Trump in the series: don’t adjust your device

Since his election in 2016, Donald has inspired American television writers. How does the 45e President infiltrated their stories? And above all, how can fiction compete with what is happening in the White House?



Posted on October 24, 2020 at 8:00 a.m.

Nathalie Collard
Nathalie Collard
Press

What to do with an unpredictable president like Donald Trump, who insults people, tweets at all hours of the day or night and obeys no rules? Obviously the President of the United States is the bread and butter of late-night talk shows and comedy shows like Saturday Night Live. But how can we translate the toxic climate in Washington into fiction? “Difficult for a show to do something more entertaining than the Trump presidency,” admits David Grondin, professor of communications at the University of Montreal.

If there is a series that has taken the Trump era head-on, it’s good The Good Fight, which stars the fabulous Christine Baranski as lawyer Diane Lockhart.

From the second season, Diane evokes the dismissal of the president. In the third, his character is completely obsessed with Donald Trump and swells the ranks of a secret society of women who hatch a plan to overthrow him. In the first episode of the fourth season, Diane dreams that Hillary Clinton has been elected. The awakening will be brutal …

In interview with the magazine Variety, series creator Robert King explained that he wanted season four to be about the fact that Trump has changed all the rules of the game, that the rules of law as we know them no longer hold. Which is not easy for a show that takes place in a law firm, he said in essence. As one of the characters in the show says, “There are no more rules. Trump took them, burned them and he fell… on the ashes. ”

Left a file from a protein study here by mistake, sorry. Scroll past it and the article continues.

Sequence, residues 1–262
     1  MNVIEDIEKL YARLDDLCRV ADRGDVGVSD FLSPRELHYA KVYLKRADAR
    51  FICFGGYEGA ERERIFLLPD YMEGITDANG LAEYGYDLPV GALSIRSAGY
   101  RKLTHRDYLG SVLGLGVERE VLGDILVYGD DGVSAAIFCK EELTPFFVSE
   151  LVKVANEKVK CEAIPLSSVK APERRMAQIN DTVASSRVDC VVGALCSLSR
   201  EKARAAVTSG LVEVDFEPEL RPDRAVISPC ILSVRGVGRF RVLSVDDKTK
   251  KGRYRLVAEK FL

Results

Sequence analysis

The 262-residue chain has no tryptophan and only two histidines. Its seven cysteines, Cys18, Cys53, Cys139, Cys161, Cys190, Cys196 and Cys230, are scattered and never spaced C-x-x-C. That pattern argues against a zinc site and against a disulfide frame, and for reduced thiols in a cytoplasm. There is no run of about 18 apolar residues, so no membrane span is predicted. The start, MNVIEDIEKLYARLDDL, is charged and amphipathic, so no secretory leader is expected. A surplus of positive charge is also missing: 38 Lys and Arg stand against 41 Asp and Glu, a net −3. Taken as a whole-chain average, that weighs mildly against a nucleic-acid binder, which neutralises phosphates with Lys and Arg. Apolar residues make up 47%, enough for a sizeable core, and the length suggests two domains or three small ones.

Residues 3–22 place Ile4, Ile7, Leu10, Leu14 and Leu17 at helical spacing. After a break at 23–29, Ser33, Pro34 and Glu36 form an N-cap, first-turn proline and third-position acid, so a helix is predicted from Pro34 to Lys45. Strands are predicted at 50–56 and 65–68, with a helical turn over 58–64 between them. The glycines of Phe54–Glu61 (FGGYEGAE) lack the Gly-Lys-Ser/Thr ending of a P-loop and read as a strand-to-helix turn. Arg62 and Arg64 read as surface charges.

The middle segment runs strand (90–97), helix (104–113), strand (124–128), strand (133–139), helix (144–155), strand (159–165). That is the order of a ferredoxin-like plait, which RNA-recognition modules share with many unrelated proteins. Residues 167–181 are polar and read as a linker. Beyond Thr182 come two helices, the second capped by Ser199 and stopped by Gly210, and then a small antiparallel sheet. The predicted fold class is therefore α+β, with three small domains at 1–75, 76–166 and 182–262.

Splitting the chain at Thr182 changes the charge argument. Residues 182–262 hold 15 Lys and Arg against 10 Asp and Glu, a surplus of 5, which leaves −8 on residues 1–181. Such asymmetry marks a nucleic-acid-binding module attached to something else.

When Trump steals the punches

The Good Fight isn’t the only series that reacted to the election of Donald Trump.

House of Cards, which landed on Netflix in 2013, presented at the time situations that seemed far-fetched to us: fake news, Rogue Russian politicians, parallel realities, moral collapse… Then Donald Trump was elected – and reality surpassed fiction.

In the fifth season, on the air in spring 2017, we find some echoes of reality, such as this anti-immigration law pushed by Frank Underwood and the demonstrations of voters who chant ” Not my president… The day after his election. Interviewed at the Cannes Film Festival, actress Robin Wright – who played the character of Claire Underwood, wife of the president – confided this: “Trump spoils House of Cards, it steals all our ideas… ”

PHOTO FROM GOOGLE IMAGES

Julia Louis-Dreyfus, in Veep

A joke that somewhat echoes the thanks of actress Julia Louis-Dreyfus at the Emmy awards ceremony in 2016. “I would like to take this moment to apologize personally for the current political climate”, declared the ‘interpreter of Selima Meyer. ” I think that Veep [série qui dépeint une bande d’incompétents au pouvoir] demolished the wall between comedy and politics. Our series began as a political satire and, there, it looks like a documentary… ”

Liberal elite